Background Genomic selection makes it possible to reduce pedigree-based inbreeding over best linear unbiased prediction (BLUP) by increasing emphasis on own rather than family information. However, pedigree inbreeding might not accurately reflect the loss of genetic variation and the true level of inbreeding due to changes in allele frequencies and hitch-hiking. This study aimed at understanding the impact of using long-term genomic selection on changes in allele frequencies, genetic variation and the level of inbreeding. Methods Selection was performed in simulated scenarios with a population of 400 animals for 25 consecutive generations. Six genetic models were considered with different heritabilities and numbers of QTL (quantitative trait loci) affecting the trait. Four selection criteria were used, including selection on own phenotype and on estimated breeding values (EBV) derived using phenotype-BLUP, Genomic BLUP and Bayesian Lasso. Changes in allele frequencies at QTL, markers and linked neutral loci were investigated for the different selection criteria and different scenarios, along with the loss of favourable alleles and the rate of inbreeding measured by pedigree and runs of homozygosity. Results For each selection criterion, hitch-hiking in the vicinity of the QTL appeared more extensive when accuracy of selection was higher and the number of QTL was lower. When inbreeding was measured by pedigree information, selection on genomic BLUP EBV resulted in lower levels of inbreeding than selection on phenotype BLUP EBV, but this did not always apply when inbreeding was measured by runs of homozygosity. Compared to genomic BLUP, selection on EBV from Bayesian Lasso led to less genetic drift, reduced the loss of favourable alleles and more effectively controlled the rate of both pedigree and genomic inbreeding in all simulated scenarios. In addition, selection on EBV from Bayesian Lasso showed a higher selection differential for mendelian sampling terms than selection on genomic BLUP EBV. Conclusions Neutral variation can be shaped to a great extent by the hitch-hiking effects associated with selection, rather than just by genetic drift. The hitch-hiking effect is a key factor in the difference between pedigree inbreeding and genomic inbreeding, especially under genomic selection. When implementing long-term genomic selection, strategies for genomic control of inbreeding are essential, due to a considerable hitch-hiking effect, regardless of the method that is used for prediction of EBV.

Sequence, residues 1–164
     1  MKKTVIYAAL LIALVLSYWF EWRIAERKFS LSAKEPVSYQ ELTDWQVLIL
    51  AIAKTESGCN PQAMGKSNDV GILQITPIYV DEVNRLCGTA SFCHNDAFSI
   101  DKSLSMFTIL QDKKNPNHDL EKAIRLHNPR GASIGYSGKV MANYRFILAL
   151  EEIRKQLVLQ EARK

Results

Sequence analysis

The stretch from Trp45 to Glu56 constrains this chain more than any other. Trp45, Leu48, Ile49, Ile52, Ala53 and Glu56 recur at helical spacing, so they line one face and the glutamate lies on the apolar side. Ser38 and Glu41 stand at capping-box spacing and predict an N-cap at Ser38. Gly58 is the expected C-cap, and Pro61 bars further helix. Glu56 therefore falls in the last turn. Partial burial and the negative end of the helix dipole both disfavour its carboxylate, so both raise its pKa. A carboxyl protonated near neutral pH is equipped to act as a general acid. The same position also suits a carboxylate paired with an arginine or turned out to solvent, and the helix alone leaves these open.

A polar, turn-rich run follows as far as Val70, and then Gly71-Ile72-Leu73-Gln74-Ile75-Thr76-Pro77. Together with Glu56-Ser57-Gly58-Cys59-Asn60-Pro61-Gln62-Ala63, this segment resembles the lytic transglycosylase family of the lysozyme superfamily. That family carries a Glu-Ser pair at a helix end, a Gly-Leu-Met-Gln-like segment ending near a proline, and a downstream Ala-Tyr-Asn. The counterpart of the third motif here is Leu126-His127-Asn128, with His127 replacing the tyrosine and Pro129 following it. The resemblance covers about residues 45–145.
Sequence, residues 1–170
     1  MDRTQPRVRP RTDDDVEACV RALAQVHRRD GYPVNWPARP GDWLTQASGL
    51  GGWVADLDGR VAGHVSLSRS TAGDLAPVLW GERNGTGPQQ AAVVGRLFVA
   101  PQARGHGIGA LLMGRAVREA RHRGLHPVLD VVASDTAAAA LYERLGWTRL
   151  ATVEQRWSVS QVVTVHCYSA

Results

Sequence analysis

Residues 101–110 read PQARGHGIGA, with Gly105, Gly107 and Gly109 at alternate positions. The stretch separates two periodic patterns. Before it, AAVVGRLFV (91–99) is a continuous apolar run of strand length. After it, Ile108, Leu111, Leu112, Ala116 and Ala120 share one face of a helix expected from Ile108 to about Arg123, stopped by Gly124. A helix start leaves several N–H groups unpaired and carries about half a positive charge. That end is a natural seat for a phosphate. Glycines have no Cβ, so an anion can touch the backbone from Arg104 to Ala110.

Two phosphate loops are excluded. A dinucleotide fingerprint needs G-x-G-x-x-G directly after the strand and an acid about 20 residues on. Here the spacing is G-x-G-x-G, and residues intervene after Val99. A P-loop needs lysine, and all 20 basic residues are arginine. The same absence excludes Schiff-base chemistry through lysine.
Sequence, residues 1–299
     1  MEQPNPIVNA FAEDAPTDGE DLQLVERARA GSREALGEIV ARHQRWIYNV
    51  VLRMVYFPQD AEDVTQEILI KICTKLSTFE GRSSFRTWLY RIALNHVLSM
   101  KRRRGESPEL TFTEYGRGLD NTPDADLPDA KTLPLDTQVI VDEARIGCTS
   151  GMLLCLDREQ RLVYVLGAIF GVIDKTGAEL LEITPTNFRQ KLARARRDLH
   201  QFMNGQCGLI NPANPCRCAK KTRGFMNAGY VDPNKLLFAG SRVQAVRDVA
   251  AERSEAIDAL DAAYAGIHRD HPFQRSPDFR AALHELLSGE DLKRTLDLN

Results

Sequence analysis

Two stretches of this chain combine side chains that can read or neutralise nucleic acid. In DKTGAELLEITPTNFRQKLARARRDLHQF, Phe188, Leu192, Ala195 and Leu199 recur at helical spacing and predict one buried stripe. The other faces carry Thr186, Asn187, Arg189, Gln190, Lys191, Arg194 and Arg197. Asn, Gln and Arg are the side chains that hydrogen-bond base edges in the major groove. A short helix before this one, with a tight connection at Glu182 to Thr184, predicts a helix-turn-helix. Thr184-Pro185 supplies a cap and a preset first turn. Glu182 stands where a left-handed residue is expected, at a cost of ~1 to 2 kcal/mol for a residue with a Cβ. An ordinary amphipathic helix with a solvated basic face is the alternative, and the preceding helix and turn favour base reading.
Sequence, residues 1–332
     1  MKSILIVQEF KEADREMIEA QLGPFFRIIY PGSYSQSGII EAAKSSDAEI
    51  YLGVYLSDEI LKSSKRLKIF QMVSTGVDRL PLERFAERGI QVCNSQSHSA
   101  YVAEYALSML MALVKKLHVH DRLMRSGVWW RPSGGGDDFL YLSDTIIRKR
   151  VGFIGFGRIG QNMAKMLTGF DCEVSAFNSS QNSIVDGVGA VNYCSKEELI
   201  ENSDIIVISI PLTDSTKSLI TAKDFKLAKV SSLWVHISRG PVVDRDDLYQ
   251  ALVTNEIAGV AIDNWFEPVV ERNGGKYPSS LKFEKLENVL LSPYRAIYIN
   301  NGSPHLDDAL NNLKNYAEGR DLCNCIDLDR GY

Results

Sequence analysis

Genetics Selection Evolution, 2014, Vol 46, Issue 8, p. 1-14